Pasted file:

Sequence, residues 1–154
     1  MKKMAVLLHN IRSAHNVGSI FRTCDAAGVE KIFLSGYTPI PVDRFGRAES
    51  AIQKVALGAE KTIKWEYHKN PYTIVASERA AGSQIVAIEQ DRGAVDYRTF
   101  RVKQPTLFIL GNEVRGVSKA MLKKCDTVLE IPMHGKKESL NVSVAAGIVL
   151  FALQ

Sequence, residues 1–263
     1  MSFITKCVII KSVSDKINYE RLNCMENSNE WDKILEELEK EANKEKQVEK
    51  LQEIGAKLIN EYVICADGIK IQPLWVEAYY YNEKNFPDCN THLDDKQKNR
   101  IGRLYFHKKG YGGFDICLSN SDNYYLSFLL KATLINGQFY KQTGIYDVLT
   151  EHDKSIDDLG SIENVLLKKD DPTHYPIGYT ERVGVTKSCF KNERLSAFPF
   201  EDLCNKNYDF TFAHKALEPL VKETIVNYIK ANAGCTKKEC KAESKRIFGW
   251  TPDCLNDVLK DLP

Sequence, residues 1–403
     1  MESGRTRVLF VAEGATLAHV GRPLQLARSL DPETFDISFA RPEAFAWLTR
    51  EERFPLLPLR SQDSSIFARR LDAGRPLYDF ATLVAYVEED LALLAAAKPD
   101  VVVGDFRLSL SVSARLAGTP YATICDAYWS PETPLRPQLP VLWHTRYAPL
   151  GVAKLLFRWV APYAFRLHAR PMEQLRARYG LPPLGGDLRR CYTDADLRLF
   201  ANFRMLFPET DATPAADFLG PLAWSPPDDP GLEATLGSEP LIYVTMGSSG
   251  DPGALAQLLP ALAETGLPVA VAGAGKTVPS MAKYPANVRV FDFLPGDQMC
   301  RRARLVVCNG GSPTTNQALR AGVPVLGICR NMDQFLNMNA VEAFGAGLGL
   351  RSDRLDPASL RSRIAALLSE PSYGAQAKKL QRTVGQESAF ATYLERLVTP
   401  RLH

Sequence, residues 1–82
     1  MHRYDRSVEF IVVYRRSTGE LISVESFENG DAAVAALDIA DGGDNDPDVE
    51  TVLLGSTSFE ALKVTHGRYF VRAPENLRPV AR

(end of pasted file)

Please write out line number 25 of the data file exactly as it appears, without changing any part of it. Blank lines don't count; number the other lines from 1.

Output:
    51  TVLLGSTSFE ALKVTHGRYF VRAPENLRPV AR